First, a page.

Dezeen Magazine

Epic Games creates virtual model that realises Moshe Safdie's full vision for Habitat 67

Software developer Epic Games and visualisation firm Neoscape have created an interactive model that shows how architect Moshe Safdie's Habitat 67 housing complex in Montreal would have appeared if it had been fully realised.

Epic Games and Neoscape used original plans for Habitat 67 to test new visualisation methods made possible by the latest version of Epic Game's Unreal Engine, a 3D graphics game engine.

Using materials from Safdie's studio – Safdie Architects – the team was able to construct a virtual version of the project as it was intended, which includes a larger complex with massive arches holding rows of cubic apartments similar to Habitat 67's existing configuration.

Overhead view of unbuilt habitat 67
Epic Games and Neoscape created a virtual version of Moshe Safdie's original Habitat 67 plan

"This was an opportunity to actually go, not quite into the building, but to experience it in a way that I could not have imagined when I designed it," Safdie told Dezeen.

"And here it is. 60 years since I designed it, it seems as fresh and relevant to me as then, if not more," he continued, noting that he has always been disappointed that the whole schema for the complex was not approved for the initial construction. 

"One thought that went through my mind was if I had this tool and I could have shown this to the federal cabinet in 1964, maybe that would have convinced them – that was my reaction."

Virtual building on the side with trees and shadows
The progrm allows users to interact with the virtual structure

The virtual rendering of the building shows the full height of the structure on location in Montreal.

The team used drone footage of the actual site, plans and consultations with engineers to make the model seem as real as possible, and the video game technology allows users to move in and out of the arches, similar to playing a video game.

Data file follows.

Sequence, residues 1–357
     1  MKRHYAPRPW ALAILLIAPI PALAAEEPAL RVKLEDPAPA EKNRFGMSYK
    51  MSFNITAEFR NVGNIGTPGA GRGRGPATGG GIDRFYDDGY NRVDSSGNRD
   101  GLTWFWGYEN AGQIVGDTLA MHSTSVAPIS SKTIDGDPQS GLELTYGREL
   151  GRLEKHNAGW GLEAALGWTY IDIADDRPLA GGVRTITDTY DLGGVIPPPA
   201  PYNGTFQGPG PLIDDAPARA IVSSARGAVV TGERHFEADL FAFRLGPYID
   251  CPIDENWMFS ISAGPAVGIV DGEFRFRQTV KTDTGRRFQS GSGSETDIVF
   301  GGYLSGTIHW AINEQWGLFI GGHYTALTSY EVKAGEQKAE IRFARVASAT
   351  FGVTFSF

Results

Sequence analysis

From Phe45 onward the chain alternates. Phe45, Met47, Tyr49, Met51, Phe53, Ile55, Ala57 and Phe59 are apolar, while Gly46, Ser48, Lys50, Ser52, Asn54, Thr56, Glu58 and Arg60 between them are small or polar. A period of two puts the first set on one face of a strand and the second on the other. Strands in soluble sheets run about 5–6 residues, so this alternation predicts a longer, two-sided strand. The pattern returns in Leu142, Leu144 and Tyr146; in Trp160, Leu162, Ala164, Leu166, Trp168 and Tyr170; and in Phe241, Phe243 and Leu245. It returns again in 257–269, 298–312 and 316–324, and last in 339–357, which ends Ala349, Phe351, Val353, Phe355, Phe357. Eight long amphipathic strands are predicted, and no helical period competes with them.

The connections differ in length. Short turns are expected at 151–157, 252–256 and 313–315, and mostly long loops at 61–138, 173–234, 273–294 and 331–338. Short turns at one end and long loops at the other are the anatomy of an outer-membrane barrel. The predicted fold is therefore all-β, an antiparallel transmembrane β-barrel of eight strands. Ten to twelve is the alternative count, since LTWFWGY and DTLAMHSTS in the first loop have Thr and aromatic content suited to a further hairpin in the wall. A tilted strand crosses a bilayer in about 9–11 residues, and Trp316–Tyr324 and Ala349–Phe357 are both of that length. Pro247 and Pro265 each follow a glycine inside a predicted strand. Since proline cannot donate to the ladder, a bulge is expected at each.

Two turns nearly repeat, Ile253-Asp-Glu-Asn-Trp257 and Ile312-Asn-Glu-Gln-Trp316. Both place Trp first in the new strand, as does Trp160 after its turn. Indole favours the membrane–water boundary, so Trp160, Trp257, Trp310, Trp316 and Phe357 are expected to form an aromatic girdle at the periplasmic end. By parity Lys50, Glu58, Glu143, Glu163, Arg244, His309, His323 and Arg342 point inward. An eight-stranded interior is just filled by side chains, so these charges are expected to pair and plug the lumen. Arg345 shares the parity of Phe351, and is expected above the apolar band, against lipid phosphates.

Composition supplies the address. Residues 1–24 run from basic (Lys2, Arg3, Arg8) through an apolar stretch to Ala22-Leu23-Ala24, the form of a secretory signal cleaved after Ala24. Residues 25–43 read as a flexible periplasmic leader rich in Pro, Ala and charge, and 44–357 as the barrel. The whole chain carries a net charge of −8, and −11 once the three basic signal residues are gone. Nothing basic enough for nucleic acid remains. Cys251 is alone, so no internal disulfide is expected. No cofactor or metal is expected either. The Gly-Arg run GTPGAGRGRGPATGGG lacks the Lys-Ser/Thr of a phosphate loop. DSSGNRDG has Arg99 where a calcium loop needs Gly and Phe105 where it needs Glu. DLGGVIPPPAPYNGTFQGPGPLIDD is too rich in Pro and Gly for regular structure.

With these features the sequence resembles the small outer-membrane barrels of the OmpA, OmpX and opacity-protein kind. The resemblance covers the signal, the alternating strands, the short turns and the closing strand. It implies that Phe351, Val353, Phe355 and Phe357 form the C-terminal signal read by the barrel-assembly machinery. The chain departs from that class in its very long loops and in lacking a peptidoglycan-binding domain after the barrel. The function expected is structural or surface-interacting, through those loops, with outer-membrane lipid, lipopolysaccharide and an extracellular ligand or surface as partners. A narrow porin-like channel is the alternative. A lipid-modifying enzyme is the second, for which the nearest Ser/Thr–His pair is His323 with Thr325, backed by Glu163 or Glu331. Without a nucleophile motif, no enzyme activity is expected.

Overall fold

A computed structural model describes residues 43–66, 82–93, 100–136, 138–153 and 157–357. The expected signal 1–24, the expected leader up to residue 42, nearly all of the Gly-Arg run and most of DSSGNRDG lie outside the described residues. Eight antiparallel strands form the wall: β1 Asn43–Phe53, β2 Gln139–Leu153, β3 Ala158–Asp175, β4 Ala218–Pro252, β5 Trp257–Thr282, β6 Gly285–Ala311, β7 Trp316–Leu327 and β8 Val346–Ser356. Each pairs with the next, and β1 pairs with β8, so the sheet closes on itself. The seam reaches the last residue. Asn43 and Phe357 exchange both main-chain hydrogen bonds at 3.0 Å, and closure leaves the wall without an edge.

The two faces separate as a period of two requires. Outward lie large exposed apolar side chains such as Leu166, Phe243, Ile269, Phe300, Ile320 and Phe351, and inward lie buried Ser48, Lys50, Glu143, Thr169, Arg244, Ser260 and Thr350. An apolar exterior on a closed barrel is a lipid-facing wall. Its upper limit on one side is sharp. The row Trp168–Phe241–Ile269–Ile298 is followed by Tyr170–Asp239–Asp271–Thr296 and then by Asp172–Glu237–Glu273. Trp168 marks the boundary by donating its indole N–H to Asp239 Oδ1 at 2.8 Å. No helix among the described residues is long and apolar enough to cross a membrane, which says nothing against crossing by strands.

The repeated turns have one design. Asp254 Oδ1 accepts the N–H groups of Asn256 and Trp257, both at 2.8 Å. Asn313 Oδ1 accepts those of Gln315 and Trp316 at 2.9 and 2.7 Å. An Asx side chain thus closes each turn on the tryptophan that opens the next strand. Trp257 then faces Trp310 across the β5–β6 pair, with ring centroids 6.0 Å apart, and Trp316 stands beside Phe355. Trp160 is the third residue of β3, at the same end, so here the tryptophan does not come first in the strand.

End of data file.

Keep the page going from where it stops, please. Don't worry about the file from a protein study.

Virtual carnival with Habitat 67 in the background
The program places the structure in its would-be environment next to the realised structure

The drone footage and spatial scans allowed the designers to import not only the structure's form but also its materiality.

Neoscape, which has been creating visualisations for Safdie for decades, worked with Epic Games to create a number of deliverables, including video walk-throughs of the project as well as an editable file that will allow users to make changes to the rendering.

Dusk on balconies
The program allows for different lighting conditions

"We created a cinematic video to show off a curated experience," Epic Games product specialist Carlos Cristerna told Dezeen.

"And we also released the Unreal Engine project files so architects, artists or anyone that's interested can download, explore and build on top of Safdie's original vision."

Glass reflection of structure
Users can experience curated video walk-throughs or edit the files directly

The program allows for different lighting conditions so that users and designers can see the project as it would look during different times of day.

The team added that in the future, weather conditions could also be added to give viewers an idea of the way that the elements like snow and rain may affect the structure.

Interior of apartment
Neoscape used drones and archival information to feed into the game engine

While the project has a historical and educational aspect, the team believes that the methodology could be useful for architects in expressing more fully-realised projects to clients and to understanding how a building would appear if built, a sentiment that Safdie echoed.

However, Safdie noted that the time and costs of the process may not make sense for every project, but he hopes that, having now seen the project at scale, he may someday be able to see it built.

"My reaction was I gotta get this built before I go," he said. "That will be amazing."

The product comes after an explosion of architectural renderings created for things like technology company Meta's Metaverse, a scheme that hopes to create a 3D world where users can socialise in digitally fabricated environments.

Safdie said he was sceptical about the idea of the virtual world being a place to replace real-life interaction and that technology like this should be used to realising actual projects.

People walking alongside reflecting pool
The program presents a way to experience the project in real time

Since the completion of Habitat 67, Safdie has completed a number of large-scale projects including the massive skyscraper complex in Chongqing, China called Raffles City, which features a "horizontal" skyscraper supported by other structures on the site.

Other forays into visualising unbuilt projects include Spanish architect David Romero's renderings of buildings designed by American architect Frank Lloyd Wright.